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Saturday, January 24, 2009

 

Israelis' Slow, Tenacious Genocide Spans Decades

When I saw the photos of the slaughtered Palestinian children in the Guardian's photo gallery and when I read Rory McCarthy's story,
I thought of Samia Halaby's MEMORIAL on the 50th Anniversary of the Kafr Qasem Massacre.



"Adham Mutair (large photo), 17, was shot by Israeli troops at his home near Beit Lahiya, in northern Gaza, on 9 January. Israeli tanks had taken up positions in the area around the houses and the family had been trapped inside their home for a week. Adham went upstairs to the roof to check on their pigeons, which were housed in a large hut. As he stepped out into the open, he was shot three times and collapsed. Two of his brothers carried him out of the house along a back route. Using a motorcycle and then a car, they carried him to the Shifa Hospital in Gaza City. He died the next day. Most of the family could not get out of the house to make it to the burial. 'We haven't even had a chance to set up a funeral tent to mourn him properly,' said his uncle, Khader, 53. 'I don't think the rest of the world understands how painful our lives are here.'" Rory McCarthy in "Child casualities of Israel's War on Gaza."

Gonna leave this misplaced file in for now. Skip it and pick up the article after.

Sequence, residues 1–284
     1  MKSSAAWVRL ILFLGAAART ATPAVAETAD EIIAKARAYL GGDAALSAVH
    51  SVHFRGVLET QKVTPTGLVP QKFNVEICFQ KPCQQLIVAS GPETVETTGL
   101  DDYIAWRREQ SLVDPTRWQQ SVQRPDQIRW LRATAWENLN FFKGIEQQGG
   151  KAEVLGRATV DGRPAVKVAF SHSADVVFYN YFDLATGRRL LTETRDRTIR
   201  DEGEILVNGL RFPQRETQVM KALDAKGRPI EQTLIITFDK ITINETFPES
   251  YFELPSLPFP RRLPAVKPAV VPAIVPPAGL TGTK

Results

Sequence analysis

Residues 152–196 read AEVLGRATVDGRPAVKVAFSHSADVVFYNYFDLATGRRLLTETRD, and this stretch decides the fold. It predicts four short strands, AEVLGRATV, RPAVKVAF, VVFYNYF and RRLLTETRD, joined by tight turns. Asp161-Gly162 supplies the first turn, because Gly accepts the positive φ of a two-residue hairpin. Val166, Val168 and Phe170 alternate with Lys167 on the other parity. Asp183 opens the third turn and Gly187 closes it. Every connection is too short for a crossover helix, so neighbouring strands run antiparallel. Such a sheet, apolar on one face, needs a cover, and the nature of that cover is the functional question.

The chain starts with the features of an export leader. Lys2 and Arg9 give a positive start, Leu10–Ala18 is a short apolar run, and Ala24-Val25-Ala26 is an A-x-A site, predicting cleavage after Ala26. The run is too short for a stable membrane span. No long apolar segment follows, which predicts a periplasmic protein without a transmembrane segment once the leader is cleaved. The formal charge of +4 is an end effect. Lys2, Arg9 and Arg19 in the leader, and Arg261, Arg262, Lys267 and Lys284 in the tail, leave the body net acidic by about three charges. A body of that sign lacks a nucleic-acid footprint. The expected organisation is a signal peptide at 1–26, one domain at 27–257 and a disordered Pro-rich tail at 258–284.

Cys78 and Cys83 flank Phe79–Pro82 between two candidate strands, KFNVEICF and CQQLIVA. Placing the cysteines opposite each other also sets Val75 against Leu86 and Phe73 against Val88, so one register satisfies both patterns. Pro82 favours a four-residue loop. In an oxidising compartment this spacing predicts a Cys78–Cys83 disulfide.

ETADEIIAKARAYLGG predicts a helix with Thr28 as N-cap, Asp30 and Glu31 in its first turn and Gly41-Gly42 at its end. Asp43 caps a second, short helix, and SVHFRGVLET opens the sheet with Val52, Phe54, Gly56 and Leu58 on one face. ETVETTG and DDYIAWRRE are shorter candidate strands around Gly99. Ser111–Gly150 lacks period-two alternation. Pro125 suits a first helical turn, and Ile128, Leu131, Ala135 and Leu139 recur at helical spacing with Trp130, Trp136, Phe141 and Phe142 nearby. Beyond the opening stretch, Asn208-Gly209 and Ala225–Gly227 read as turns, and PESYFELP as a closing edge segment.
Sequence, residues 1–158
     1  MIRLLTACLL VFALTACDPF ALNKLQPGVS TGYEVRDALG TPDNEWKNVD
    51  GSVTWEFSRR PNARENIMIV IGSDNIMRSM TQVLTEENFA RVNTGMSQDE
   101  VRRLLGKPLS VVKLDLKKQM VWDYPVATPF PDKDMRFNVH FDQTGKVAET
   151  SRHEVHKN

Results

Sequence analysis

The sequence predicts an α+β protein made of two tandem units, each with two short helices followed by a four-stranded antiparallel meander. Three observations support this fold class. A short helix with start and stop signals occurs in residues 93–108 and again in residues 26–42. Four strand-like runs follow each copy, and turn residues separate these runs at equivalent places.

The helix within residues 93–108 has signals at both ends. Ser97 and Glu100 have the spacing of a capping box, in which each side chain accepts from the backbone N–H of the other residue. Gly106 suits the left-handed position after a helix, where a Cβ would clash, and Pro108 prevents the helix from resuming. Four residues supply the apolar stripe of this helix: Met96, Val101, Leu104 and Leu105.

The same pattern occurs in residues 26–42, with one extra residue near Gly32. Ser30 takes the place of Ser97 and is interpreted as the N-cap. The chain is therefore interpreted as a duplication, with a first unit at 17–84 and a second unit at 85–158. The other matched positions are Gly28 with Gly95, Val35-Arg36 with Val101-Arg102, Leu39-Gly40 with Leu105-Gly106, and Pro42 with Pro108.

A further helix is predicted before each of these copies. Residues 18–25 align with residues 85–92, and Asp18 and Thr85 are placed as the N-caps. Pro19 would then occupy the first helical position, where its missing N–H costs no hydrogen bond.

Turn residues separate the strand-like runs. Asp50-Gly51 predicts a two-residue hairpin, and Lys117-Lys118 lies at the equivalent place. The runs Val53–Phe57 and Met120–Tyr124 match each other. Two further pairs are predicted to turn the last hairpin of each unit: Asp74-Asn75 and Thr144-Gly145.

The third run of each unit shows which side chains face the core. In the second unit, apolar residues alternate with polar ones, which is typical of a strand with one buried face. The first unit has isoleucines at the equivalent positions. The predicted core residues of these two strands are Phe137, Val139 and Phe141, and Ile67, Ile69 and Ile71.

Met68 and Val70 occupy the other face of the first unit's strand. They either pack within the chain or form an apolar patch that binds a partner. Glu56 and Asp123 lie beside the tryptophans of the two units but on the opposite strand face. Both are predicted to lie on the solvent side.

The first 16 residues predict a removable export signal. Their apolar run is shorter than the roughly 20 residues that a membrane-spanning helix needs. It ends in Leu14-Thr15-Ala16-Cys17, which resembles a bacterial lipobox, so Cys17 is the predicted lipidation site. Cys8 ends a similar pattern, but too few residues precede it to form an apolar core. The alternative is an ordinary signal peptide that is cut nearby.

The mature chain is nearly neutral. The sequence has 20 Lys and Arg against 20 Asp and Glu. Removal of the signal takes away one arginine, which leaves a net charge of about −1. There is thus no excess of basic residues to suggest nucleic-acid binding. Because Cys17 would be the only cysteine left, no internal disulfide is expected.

Pictured in the small photo is Abdalkarim Salim Nuwwara Freij, 14 years old. He died in the seventh wave of the Kafr Qasem massacre in 1956.
From Palestinian artist Samia Halaby
"Fifty years ago, on October 29, 1956, 49 Palestinian residents of Kafr Qasem were murdered by Israeli border police who at that time were officially attached to the military. Countless more were wounded and left bleeding and unattended. Their families were unable to offer aid because of a 24 hour curfew lasting for some two days and three nights. Violation of the curfew was punishable by death. In the following two days (while the families were thus imprisoned in their homes) the Israelis unceremoniously buried the victims without permission, or the presence of witnesses. On the following morning, the unattended wounded who had helplessly lain in the streets were torn away from their deceased loved ones, thrown into trucks (not ambulances) and hauled off to hospitals. This deliberate massacre had been planned in advance to coincide with the Israeli and Anglo-French attack on the Suez canal."
See also Children of Gaza: Stories of those who died and the trauma for those who survived.

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